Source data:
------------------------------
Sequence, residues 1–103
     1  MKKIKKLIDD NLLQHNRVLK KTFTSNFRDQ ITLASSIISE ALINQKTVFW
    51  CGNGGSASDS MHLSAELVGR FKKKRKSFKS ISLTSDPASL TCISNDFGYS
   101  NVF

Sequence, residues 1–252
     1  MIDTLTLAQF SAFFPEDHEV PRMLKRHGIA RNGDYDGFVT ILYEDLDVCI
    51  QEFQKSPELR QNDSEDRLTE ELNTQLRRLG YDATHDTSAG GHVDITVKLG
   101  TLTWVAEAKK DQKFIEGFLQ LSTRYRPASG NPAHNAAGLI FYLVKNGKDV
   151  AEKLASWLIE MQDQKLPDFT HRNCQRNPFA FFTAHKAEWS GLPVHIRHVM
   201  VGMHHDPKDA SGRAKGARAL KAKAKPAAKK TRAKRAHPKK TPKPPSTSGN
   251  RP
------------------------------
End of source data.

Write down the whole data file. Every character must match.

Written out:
Sequence, residues 1–103
     1  MKKIKKLIDD NLLQHNRVLK KTFTSNFRDQ ITLASSIISE ALINQKTVFW
    51  CGNGGSASDS MHLSAELVGR FKKKRKSFKS ISLTSDPASL TCISNDFGYS
   101  NVF

Sequence, residues 1–252
     1  MIDTLTLAQF SAFFPEDHEV PRMLKRHGIA RNGDYDGFVT ILYEDLDVCI
    51  QEFQKSPELR QNDSEDRLTE ELNTQLRRLG YDATHDTSAG GHVDITVKLG
   101  TLTWVAEAKK DQKFIEGFLQ LSTRYRPASG NPAHNAAGLI FYLVKNGKDV
   151  AEKLASWLIE MQDQKLPDFT HRNCQRNPFA FFTAHKAEWS GLPVHIRHVM
   201  VGMHHDPKDA SGRAKGARAL KAKAKPAAKK TRAKRAHPKK TPKPPSTSGN
   251  RP